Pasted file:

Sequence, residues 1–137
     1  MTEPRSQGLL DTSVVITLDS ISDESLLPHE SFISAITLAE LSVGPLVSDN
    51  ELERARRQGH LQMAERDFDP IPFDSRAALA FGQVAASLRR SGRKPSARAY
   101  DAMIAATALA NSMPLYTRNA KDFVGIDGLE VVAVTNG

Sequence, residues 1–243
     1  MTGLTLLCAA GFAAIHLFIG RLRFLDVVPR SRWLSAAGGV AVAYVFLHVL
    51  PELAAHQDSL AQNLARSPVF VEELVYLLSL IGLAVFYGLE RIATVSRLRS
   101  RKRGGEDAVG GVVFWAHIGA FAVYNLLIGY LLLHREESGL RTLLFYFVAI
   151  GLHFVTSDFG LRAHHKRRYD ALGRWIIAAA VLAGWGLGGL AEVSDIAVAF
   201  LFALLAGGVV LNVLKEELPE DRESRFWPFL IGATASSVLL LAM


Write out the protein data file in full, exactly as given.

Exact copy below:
Sequence, residues 1–137
     1  MTEPRSQGLL DTSVVITLDS ISDESLLPHE SFISAITLAE LSVGPLVSDN
    51  ELERARRQGH LQMAERDFDP IPFDSRAALA FGQVAASLRR SGRKPSARAY
   101  DAMIAATALA NSMPLYTRNA KDFVGIDGLE VVAVTNG

Sequence, residues 1–243
     1  MTGLTLLCAA GFAAIHLFIG RLRFLDVVPR SRWLSAAGGV AVAYVFLHVL
    51  PELAAHQDSL AQNLARSPVF VEELVYLLSL IGLAVFYGLE RIATVSRLRS
   101  RKRGGEDAVG GVVFWAHIGA FAVYNLLIGY LLLHREESGL RTLLFYFVAI
   151  GLHFVTSDFG LRAHHKRRYD ALGRWIIAAA VLAGWGLGGL AEVSDIAVAF
   201  LFALLAGGVV LNVLKEELPE DRESRFWPFL IGATASSVLL LAM